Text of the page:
A story is told of a man who stopped attending his usual synagogue and was now frequenting another minyan. One day he happened to meet the rabbi of his previous synagogue, and the rabbi asked him where he was praying these days. The man answered: “I am praying at a small minyan led by Rabbi Cohen.”
The rabbi was stunned. “Why would you want to pray there with that rabbi. I am a much better orator, I am more famous, I have a much larger following.”
The man replied: “Yes, but in my new synagogue the rabbi has taught me to read minds.”
The rabbi was surprised. “Alright, then, read my mind.”
The man said: “You are thinking of the verse in Psalms, ‘I have set the Lord before me at all times’.”
“You are wrong,” said the rabbi, “I was not thinking about that verse at all.”
The man replied: “Yes, I knew that, and that’s why I’ve moved to the other synagogue. The rabbi there is always thinking of this verse.”
Indeed, an authentically religious person is always thinking of this verse, either directly or in the back of his mind. Such an individual lives in the presence of G-d, conducts himself with modesty and propriety. The Rabbi Cohen of the story was genuine; he was a spiritual person seeking to live a godly life.
The other rabbi in the story was “successful.”
He had a large congregation and external signs of prestige. But he lacked the essential ingredient of being authentically religious: he did not have the Lord before him at all times. He was busy trying to make himself popular, get his name into the newspapers, rub elbows with celebrities. Even when he prayed, his mind was not on G-d, but on how he could advance himself in the world.
This week’s parashah begins with G-d’s commandment to Moshe: “Speak unto the children of Israel that they take for Me an offering—veyikhu li terumah.
Rashi comments that the word li implies li lishmi—that the offering must be given with pure intentions for the sake of G-d. One might think that donating to the construction of the Mishkan sanctuary was in itself a sign of piety. Rashi’s comment reminds us: It is possible to show external piety while lacking true piety. It is possible to appear to be religious, but not conduct oneself with a religious heart and mind.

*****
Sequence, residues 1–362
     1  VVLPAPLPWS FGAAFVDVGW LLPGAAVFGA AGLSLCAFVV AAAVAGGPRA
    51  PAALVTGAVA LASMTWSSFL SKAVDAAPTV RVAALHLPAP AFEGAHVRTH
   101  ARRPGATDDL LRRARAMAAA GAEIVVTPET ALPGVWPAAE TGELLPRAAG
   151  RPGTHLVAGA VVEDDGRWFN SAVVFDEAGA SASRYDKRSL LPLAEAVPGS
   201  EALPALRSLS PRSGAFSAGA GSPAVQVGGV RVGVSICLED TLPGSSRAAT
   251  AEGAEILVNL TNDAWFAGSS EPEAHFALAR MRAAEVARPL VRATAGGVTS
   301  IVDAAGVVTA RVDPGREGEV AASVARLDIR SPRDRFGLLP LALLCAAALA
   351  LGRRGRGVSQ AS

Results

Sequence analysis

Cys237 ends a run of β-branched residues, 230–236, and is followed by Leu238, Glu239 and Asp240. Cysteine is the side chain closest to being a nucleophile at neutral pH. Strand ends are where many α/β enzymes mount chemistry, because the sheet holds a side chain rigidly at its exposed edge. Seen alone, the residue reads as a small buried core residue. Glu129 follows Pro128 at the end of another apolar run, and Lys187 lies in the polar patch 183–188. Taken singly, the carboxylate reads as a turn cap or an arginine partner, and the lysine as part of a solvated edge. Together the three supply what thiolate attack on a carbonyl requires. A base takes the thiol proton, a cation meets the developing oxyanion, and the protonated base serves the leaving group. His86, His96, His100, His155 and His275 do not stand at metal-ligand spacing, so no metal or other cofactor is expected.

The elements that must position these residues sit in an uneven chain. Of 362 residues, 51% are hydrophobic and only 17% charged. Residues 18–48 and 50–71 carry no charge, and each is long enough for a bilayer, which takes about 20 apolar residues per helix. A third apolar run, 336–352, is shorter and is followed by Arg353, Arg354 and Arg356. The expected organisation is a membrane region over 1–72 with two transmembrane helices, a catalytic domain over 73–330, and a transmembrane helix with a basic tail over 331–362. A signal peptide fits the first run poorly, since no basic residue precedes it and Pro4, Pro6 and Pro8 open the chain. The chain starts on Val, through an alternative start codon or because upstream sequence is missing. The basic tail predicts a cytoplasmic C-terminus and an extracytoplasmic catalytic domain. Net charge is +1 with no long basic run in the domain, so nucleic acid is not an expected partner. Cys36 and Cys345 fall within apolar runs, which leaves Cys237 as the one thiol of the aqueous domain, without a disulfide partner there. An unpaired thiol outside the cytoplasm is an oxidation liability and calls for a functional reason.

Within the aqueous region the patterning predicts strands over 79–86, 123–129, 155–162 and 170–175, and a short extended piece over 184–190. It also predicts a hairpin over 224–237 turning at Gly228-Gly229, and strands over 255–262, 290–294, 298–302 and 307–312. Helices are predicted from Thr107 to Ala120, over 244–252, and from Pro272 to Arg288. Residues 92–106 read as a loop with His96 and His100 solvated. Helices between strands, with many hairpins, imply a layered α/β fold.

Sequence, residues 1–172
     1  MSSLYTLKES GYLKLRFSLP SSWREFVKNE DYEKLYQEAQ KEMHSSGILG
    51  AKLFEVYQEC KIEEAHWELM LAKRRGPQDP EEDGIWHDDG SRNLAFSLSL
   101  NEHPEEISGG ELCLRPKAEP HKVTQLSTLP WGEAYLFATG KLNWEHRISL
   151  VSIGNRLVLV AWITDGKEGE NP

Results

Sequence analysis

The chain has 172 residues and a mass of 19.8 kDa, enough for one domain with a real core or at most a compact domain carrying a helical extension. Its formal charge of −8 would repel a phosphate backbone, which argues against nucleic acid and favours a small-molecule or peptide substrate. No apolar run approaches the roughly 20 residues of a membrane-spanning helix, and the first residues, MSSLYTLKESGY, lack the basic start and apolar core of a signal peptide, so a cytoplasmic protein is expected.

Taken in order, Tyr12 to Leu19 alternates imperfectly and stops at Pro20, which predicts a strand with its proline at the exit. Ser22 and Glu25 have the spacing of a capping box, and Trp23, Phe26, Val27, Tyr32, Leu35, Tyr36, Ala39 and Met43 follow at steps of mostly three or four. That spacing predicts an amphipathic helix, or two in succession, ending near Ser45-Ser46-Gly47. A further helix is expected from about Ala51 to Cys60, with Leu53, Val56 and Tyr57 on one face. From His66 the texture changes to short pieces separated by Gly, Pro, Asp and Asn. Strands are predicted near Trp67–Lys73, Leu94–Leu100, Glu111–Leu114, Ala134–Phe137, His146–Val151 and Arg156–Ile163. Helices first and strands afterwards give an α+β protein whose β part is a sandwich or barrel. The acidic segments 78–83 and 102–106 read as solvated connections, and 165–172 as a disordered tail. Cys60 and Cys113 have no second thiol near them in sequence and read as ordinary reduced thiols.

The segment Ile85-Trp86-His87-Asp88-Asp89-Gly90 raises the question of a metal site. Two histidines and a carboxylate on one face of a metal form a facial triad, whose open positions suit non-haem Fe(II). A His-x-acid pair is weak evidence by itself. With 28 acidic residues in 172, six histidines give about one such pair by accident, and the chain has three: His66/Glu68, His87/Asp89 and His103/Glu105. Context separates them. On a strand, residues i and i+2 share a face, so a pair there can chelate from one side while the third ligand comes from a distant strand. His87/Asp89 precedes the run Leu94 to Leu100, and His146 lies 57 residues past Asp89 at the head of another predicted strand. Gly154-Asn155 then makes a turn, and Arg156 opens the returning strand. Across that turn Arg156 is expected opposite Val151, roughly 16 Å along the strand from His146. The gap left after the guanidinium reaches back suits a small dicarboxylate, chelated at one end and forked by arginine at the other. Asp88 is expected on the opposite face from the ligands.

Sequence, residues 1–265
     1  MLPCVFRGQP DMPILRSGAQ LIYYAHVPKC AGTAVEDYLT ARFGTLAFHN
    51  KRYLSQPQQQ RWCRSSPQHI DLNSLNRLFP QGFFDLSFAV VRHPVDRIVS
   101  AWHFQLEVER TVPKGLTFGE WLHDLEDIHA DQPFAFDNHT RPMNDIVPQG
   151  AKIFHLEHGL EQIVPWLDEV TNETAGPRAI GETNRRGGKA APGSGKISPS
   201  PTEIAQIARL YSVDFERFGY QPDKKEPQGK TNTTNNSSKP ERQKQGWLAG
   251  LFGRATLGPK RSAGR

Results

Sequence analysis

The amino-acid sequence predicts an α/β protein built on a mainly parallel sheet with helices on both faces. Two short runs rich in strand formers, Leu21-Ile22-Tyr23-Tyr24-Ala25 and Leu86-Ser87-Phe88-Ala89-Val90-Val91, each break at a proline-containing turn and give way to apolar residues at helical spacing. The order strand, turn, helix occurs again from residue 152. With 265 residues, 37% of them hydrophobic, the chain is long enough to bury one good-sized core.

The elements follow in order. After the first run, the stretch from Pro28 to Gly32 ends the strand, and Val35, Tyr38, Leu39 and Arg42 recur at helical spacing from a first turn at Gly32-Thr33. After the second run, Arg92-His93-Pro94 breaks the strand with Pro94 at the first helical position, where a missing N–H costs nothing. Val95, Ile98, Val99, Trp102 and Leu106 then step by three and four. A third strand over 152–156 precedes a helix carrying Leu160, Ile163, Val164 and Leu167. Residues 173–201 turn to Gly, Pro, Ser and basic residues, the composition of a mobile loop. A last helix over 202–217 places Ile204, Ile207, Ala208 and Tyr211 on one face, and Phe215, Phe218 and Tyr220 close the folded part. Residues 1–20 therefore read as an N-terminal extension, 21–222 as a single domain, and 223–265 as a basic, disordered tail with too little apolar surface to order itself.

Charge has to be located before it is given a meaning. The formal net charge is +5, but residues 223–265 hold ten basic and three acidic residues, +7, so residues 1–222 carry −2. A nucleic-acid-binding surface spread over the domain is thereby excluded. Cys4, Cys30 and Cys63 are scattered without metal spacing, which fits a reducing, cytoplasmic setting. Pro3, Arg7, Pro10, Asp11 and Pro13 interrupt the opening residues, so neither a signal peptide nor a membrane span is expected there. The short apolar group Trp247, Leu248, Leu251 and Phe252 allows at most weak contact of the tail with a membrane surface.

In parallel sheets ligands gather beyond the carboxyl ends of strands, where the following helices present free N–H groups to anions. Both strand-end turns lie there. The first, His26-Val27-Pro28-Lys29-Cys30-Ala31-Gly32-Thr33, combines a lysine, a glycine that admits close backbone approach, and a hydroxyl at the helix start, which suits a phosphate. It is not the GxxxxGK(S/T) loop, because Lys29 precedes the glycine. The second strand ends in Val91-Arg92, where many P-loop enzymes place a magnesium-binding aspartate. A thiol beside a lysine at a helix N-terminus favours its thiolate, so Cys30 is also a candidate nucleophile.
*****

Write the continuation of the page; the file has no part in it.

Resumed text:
A kabbalistic teaching has it that we come closer to G-d through the power of giving — giving love, charity, kindness. A truly religious person is characterized by an overwhelming desire to share with others, to act selflessly with purity of heart. This is the essence of real religion.
On the other hand, we become more distant from G-d through the power of taking — trying to amass as much as possible for ourselves — more material goods, more honor, more egotistical satisfaction. We cannot exist without the power of taking, since we must fulfill our basic material needs. But when we exert this power excessively, we drift further and further from G-d. This is a sign of fake religion.
We all know individuals who are characterized by the power of giving. These are loving people who can be trusted, who are generous, compassionate and loyal. When we meet such individuals, we can sense the image of G-d in them. They genuinely want to help, to share, to be of service, to contribute. They are humble, and ask for nothing in return for their kindness.
We all also know individuals who are selfish and self-serving.
They may act friendly and smile broadly, but we sense that their friendship is as counterfeit as their smile. They may pretend to be loyal and giving — but they are simply interested in advancing themselves. They try to take credit for work performed by others. They are seldom there when work has to be done, but are always there for photo-ops.
They ingratiate themselves with those in power, and calculate how they can take the most for themselves while giving the least of themselves. They pass themselves off as generous and kind, but they are only putting on an act. Their real goal is to take, not to give. Such people may fool some of the people some of the time, and even most of the people most of the time: but they never fool G-d.
In His command to the Israelites to contribute to the Mishkan, G-d specifies that He only wants contributions from those with generous hearts. He doesn’t want contributions from those who are stingy; or who give in order to advance their own reputations and honor; or who give reluctantly or grudgingly. The Israelites were to build a sanctuary to the Lord — but it had to be constructed with “the power of giving,” with selflessness and generosity of spirit. The house of G-d must be built with the finest, most idealistic human qualities.
The aspiration of a truly religious person must be to develop the power of giving; to be genuine, honest and kind. If we are to make our contributions to G-d’s sanctuary — and to society — we must do so with purity of heart, selflessness and humility. We must aspire to real religion.
Rabbi Angel is interim spiritual leader of the Lido Beach Synagogue and rabbi emeritus of the Spanish and Portuguese Synagogue in New York.